Sunday, November 20, 2011

Occupy the Hors d'Oeuvres Tray


Increasing Lei-offs have inspired the Occupy Hawaii protesters**.

As the Occupy Wall Street movement has been much in the news, for a variety of reasons and from many different angles, I was glad to see an inspiring story recently about a creative and bold young performer from Hawaii who goes by the single name of Makana. If the name doesn't sound familiar, he's the guy who was invited to play at a Hawaiian luau attended by world leaders who were gathered for a summit to plan a Pacific free-trade pact--world leaders who included President Barak Obama. 


"Global warming? Hah! Pass the coconut shrimp, Senator."


You can read about this young man--his song and his giant cojones--all over the web, but here's a place to start. I admire his bravery in doing what he did, and I also like his rather Dylan-esque intro to the song, reminiscent of "come gather round people, wherever you roam. . . ". Now, I don't know if I like the song enough to listen to it for forty minutes, so I guess it's a good thing that my invitation to the Pacific free-trade summit got lost in the mail or the ethers of the interwebs--because that's how long Makana played his protest song before a critical mass of people at the dinner actually noticed.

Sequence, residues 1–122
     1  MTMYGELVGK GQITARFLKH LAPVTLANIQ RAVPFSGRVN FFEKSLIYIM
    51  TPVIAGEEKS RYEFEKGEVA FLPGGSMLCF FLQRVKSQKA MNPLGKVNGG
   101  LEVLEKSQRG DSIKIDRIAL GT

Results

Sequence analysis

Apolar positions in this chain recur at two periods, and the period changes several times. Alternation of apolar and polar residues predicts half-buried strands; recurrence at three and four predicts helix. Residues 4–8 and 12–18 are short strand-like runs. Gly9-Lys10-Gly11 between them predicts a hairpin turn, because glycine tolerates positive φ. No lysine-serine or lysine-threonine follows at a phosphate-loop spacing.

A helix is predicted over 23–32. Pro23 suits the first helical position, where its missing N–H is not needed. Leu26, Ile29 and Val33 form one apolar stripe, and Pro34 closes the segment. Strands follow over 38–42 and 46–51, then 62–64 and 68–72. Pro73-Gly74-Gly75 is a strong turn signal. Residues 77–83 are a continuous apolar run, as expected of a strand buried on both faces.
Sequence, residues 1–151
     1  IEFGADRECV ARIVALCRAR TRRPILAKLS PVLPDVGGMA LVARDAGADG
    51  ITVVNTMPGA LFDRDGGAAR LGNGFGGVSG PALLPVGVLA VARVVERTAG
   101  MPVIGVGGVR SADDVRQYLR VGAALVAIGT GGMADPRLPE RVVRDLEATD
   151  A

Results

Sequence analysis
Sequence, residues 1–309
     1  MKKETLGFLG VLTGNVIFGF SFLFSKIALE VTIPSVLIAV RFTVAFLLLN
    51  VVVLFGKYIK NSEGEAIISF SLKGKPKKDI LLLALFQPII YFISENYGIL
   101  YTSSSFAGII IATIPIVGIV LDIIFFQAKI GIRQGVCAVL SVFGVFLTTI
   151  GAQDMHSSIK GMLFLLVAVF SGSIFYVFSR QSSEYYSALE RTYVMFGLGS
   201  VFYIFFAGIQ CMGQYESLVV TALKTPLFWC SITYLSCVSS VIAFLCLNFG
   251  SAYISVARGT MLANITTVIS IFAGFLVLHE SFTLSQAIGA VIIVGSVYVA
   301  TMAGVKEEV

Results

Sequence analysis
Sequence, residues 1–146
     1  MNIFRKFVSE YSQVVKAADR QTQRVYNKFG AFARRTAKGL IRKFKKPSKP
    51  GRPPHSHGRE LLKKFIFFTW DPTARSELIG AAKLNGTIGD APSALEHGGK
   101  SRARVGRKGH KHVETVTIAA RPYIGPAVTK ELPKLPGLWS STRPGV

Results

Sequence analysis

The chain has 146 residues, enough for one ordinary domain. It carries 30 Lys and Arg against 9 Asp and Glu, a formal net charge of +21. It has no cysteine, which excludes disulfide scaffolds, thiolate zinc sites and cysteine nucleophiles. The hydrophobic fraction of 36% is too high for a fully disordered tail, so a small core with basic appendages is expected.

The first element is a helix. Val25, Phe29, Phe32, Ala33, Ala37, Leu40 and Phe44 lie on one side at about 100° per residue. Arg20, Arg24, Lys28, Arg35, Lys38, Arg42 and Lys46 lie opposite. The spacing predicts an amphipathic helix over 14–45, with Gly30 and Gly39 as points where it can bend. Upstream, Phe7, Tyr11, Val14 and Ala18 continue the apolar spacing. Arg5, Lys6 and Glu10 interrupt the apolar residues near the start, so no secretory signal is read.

This makes me wonder if the failure to notice someone speaking (or in this case, singing) a powerful message to them right in their midst is a good example of what we're facing (and by we, I mean those of us who agree in whole or in part with the many messages--if not always the methods--of the Occupy Movement). It seems a metaphor for what has been happening in this country for some time--the people are suffering, right under their noses, and those in power just keep on going with the party, with their comfortable status quo.

What must happen to break up this party? What would make them look up from the hors d'oeuvres tray, short of a fire alarm or the sound of something shattering?





** I apologize.





No comments:

Post a Comment

Your comments are encouraged and most welcome, especially if they maintain the blog author's anonymity. Dissent is also welcome. Comments are moderated--so please keep it civil, and leave out the promotional links. Thanks for reading and commenting.